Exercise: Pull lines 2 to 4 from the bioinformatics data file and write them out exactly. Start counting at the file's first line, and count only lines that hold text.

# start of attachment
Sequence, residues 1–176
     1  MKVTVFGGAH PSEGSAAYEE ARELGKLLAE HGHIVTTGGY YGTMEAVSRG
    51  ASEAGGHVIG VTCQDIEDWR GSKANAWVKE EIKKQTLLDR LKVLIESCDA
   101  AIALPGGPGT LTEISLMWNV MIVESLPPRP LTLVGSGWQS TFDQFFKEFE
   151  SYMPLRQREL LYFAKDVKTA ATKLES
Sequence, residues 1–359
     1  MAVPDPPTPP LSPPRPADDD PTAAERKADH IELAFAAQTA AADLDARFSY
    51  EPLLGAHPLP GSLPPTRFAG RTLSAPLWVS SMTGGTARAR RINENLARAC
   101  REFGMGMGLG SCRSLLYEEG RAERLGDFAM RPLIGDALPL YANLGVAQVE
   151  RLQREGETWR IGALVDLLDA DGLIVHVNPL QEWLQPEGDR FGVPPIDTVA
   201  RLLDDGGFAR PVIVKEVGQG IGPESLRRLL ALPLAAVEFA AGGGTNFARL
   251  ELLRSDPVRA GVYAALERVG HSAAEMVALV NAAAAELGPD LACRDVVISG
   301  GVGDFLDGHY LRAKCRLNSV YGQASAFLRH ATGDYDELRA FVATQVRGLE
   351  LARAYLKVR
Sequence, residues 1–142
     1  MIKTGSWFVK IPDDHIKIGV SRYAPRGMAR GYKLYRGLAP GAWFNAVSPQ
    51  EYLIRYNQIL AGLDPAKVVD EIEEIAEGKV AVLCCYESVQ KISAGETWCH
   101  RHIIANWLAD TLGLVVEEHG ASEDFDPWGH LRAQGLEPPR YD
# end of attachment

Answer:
     1  MKVTVFGGAH PSEGSAAYEE ARELGKLLAE HGHIVTTGGY YGTMEAVSRG
    51  ASEAGGHVIG VTCQDIEDWR GSKANAWVKE EIKKQTLLDR LKVLIESCDA
   101  AIALPGGPGT LTEISLMWNV MIVESLPPRP LTLVGSGWQS TFDQFFKEFE